Static stretching is widely applied in various disciplines. However, the acute effects of different durations of stretching are unclear. Therefore, this study was designed to investigate the acute effects of different stretching durations on muscle function and flexibility, and provide an insight into the optimal duration of static stretching. This randomized crossover trial included 24 healthy students (17 men and 7 women) who stretched their right hamstrings for durations of 20, 60, 180, and 300 seconds in a random order. The following outcomes were assessed using an isokinetic dynamometer as markers of lower-limb function and flexibility: static passive torque (SPT), dynamic passive torque (DPT), stiffness, straight leg raise (SLR), and isometric muscle force. Static passive torque was significantly decreased after all stretching durations (p stretching compared with that after 20-second stretching, and stiffness decreased significantly after 180- and 300-second stretching (p stretching (p stretching durations (p stretching than after 20-second stretching and higher after 300-second stretching than after 60-second stretching (p stretching durations (p stretching is associated with a decrease in SPT but an increase in SLR. Over 180 seconds of stretching was required to decrease DPT and stiffness, but isometric muscle force decreased regardless of the stretching duration. In conclusion, these results indicate that longer durations of stretching are needed to provide better flexibility.

  19. Randomized Controlled Trial Comparing Orthosis Augmented by Either Stretching or Stretching and Strengthening for Stage II Tibialis Posterior Tendon Dysfunction.

    Science.gov (United States)

    Houck, Jeff; Neville, Christopher; Tome, Josh; Flemister, Adolph

    2015-09-01

    The value of strengthening and stretching exercises combined with orthosis treatment in a home-based program has not been evaluated. The purpose of this study was to compare the effects of augmenting orthosis treatment with either stretching or a combination of stretching and strengthening in participants with stage II tibialis posterior tendon dysfunction (TPTD). Participants included 39 patients with stage II TPTD who were recruited from a medical center and then randomly assigned to a strengthening or stretching treatment group. Excluding 3 dropouts, there were 19 participants in the strengthening group and 17 in the stretching group. The stretching treatment consisted of a prefabricated orthosis used in conjunction with stretching exercises. The strengthening treatment consisted of a prefabricated orthosis used in conjunction with the stretching and strengthening exercises. The main outcome measures were self-report (ie, Foot Function Index and Short Musculoskeletal Function Assessment) and isometric deep posterior compartment strength. Two-way analysis of variance was used to test for differences between groups at 6 and 12 weeks after starting the exercise programs. Both groups significantly improved in pain and function over the 12-week trial period. The self-report measures showed minimal differences between the treatment groups. There were no differences in isometric deep posterior compartment strength. A moderate-intensity, home-based exercise program was minimally effective in augmenting orthosis wear alone in participants with stage II TPTD. Level I, prospective randomized study. © The Author(s) 2015.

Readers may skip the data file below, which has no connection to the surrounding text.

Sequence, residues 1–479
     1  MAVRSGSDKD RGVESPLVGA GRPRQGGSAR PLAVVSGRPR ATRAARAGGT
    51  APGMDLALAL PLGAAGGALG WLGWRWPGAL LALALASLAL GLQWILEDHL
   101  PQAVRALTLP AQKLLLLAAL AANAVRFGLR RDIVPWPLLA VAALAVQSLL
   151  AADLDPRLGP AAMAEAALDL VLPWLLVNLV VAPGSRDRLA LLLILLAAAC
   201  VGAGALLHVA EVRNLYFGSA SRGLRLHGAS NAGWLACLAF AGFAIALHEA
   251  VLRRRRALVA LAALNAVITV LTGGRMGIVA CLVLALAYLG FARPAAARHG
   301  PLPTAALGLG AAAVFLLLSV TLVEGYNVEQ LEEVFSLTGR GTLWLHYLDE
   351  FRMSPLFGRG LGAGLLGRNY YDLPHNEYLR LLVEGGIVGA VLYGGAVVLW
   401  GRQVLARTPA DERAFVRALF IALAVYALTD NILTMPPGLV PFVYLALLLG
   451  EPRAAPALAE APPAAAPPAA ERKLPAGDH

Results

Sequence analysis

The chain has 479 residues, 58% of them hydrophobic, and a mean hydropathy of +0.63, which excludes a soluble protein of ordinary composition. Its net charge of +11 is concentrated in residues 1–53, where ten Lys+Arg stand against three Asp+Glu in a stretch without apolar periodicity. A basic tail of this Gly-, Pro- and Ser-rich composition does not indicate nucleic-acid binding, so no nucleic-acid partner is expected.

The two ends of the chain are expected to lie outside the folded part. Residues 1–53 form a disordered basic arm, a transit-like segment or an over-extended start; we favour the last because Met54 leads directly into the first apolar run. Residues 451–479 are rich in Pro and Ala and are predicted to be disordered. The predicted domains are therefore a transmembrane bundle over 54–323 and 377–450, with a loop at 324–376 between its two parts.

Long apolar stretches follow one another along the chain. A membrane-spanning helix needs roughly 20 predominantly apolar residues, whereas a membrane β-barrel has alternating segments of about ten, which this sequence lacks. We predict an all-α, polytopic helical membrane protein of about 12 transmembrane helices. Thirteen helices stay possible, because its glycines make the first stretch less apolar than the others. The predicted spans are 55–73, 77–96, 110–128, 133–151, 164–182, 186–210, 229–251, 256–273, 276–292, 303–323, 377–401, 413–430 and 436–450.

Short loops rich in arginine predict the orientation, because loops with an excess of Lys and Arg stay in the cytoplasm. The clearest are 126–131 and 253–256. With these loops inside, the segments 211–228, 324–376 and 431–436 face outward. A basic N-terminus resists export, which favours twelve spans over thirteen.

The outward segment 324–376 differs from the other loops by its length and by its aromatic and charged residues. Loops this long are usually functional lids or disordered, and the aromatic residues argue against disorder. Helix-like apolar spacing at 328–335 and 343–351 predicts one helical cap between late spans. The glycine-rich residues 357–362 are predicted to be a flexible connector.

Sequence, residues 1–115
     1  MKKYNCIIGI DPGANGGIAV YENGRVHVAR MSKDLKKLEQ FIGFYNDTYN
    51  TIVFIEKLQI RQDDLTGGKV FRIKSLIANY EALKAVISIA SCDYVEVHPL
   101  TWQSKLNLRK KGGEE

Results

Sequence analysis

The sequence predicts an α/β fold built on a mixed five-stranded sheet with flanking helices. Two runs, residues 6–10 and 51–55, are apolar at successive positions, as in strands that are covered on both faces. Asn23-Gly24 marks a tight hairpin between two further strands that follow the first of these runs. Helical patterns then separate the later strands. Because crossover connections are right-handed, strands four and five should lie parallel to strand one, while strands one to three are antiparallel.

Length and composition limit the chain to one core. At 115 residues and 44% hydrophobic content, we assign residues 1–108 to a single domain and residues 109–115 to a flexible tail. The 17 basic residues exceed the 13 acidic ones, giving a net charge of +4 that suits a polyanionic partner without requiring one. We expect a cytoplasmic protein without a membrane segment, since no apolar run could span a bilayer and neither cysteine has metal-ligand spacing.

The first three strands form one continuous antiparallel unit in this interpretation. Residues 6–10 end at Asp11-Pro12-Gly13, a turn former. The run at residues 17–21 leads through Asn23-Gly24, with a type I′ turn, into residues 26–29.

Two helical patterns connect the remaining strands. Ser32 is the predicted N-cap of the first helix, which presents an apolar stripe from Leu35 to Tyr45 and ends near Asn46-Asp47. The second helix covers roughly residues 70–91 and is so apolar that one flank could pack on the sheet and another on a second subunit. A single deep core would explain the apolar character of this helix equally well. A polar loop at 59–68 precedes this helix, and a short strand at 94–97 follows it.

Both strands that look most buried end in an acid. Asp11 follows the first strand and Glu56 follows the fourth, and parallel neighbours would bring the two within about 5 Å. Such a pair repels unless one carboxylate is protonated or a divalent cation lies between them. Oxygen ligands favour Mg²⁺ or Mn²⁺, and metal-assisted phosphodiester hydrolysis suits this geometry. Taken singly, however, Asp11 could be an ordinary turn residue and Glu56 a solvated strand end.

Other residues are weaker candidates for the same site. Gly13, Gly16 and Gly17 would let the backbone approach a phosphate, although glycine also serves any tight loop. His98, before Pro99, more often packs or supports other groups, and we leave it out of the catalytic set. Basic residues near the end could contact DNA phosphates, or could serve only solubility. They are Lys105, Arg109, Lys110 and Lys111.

20. Universal Linear Motor Driven Leg Press Dynamometer and Concept of Serial Stretch Loading

    Science.gov (United States)

    2015-01-01

    Paper deals with backgrounds and principles of universal linear motor driven leg press dynamometer and concept of serial stretch loading. The device is based on two computer controlled linear motors mounted to the horizontal rails. As the motors can keep either constant resistance force in selected position or velocity in both directions, the system allows simulation of any mode of muscle contraction. In addition, it also can generate defined serial stretch stimuli in a form of repeated force peaks. This is achieved by short segments of reversed velocity (in concentric phase) or acceleration (in eccentric phase). Such stimuli, generated at the rate of 10 Hz, have proven to be a more efficient means for the improvement of rate of the force development. This capability not only affects performance in many sports, but also plays a substantial role in prevention of falls and their consequences. Universal linear motor driven and computer controlled dynamometer with its unique feature to generate serial stretch stimuli seems to be an efficient and useful tool for enhancing strength training effects on neuromuscular function not only in athletes, but as well as in senior population and rehabilitation patients. PMID:26913159

  1. Universal linear motor driven Leg Press Dynamometer and concept of Serial Stretch Loading

    Directory of Open Access Journals (Sweden)

    Dušan Hamar

    2015-08-01